Earlier this month, social worker Stephanie Ross died after allegedly being slashed multiple times with a large butcher knife by Dade City resident Lucious Smith. Ross was visiting with Smith to help him manage his Medicaid benefits. She had visited him on three prior occasions and there are conflicting reports as to whether she reported feeling unsafe on those visits.
Witnesses told police that Ross ran screaming from the apartment on her final visit, with Smith chasing her and slashing at her with a large butcher knife. Ninety minutes later, she died at a hospital of multiple stab wounds to her upper body.
Smith was charged with first-degree murder. He is held at the Land O’Lakes jail without bail.
Smith reportedly has a criminal history dating to 1977 when he was charged with carrying a concealed ice pick and resisting arrest. Records apparently indicate that Smith’s last arrest was in 2005 for a probation violation on a previous battery case.
In 1995, he was involved in a brawl in St. Petersburg. The officer’s report in that incident indicates that Smith ran out of an apartment waving a knife “in stabbing motion” and threatened to kill somebody. The officer drew his gun and twice ordered Smith to drop the knife before he complied. One of the witnesses described Smith in the report as “mentally disabled.”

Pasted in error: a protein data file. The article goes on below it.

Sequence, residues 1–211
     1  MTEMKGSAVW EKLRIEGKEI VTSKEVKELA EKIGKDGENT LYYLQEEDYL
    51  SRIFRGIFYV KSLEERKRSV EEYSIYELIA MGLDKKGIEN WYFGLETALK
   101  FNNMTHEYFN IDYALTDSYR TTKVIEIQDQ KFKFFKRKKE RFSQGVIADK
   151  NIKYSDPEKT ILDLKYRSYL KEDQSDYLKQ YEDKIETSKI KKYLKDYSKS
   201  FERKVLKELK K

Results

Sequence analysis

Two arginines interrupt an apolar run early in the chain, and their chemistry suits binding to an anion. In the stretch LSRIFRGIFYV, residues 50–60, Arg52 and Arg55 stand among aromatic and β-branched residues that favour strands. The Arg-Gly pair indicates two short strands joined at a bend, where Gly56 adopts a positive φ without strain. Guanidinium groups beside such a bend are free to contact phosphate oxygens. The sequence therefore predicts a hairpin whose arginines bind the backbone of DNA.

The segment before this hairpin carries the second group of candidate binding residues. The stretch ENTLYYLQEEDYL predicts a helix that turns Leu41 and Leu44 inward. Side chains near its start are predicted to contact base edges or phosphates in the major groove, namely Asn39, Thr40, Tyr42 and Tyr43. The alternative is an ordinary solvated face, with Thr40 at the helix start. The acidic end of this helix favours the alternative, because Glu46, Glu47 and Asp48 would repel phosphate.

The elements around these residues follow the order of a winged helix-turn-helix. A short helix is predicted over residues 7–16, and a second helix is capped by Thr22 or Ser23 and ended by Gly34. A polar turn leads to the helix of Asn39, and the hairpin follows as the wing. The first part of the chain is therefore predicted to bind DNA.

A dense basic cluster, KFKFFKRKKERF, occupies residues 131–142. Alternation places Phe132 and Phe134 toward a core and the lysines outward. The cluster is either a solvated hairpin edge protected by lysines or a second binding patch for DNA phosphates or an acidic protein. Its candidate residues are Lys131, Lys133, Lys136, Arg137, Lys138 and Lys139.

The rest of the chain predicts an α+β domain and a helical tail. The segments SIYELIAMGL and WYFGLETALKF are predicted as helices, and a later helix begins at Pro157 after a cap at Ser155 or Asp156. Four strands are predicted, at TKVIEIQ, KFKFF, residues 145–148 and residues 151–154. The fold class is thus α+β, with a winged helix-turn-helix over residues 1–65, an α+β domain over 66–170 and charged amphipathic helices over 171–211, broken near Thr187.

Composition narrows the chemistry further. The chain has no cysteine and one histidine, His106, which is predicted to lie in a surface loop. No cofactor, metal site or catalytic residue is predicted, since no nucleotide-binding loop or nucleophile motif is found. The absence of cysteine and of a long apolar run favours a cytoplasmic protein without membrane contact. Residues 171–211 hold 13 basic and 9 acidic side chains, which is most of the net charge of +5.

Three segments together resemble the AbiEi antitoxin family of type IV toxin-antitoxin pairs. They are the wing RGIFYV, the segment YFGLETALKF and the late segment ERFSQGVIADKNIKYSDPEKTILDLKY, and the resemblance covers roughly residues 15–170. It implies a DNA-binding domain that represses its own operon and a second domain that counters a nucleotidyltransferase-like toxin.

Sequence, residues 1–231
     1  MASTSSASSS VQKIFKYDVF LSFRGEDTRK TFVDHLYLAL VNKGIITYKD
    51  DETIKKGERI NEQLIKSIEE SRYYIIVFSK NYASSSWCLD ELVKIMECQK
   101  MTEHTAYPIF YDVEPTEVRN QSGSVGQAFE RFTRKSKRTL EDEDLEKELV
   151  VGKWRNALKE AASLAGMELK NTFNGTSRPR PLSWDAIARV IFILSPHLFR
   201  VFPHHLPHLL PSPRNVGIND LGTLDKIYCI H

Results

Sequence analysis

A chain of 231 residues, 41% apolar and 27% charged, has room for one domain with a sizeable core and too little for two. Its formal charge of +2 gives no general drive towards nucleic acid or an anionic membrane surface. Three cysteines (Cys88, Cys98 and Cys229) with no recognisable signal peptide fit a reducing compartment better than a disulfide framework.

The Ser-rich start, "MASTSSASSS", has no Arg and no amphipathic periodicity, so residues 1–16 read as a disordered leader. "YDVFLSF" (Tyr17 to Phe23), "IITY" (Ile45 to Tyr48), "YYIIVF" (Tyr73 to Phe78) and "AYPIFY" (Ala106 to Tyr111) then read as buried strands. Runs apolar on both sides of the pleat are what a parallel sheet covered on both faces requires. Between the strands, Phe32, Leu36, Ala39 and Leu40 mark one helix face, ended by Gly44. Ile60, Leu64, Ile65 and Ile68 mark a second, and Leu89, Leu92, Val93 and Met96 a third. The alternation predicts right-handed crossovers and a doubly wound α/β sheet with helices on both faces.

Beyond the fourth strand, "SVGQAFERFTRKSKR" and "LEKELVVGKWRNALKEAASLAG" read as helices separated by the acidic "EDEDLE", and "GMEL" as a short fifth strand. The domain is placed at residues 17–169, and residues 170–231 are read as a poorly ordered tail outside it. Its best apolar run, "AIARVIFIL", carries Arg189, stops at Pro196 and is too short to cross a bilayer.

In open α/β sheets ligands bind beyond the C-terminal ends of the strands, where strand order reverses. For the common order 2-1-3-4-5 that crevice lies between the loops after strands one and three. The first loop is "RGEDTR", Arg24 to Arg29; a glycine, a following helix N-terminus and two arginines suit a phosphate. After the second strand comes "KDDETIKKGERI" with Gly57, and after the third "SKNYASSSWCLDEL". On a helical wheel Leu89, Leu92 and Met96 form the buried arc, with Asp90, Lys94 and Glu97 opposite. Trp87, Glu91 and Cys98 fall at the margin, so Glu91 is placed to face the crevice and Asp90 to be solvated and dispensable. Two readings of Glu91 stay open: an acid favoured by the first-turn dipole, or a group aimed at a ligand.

Local police reported Smith had previously been taken into custody under the Baker Act, the state law that allows law enforcement officers to take someone for mental evaluation who appears likely to harm himself or others.
One officer also recalled an incident in which Smith was waving his arms and shouting at people as he walked in the middle of the road. Smith was reportedly hostile to the officer but ultimately got home without causing any trouble.
It seems likely that Smith’s mental state will be a consideration in his defense. Expert psychological evaluation, inspection of his medical and psychological history and consideration of the specific facts of the case are all generally involved in the consideration of mental impairment as a criminal defense.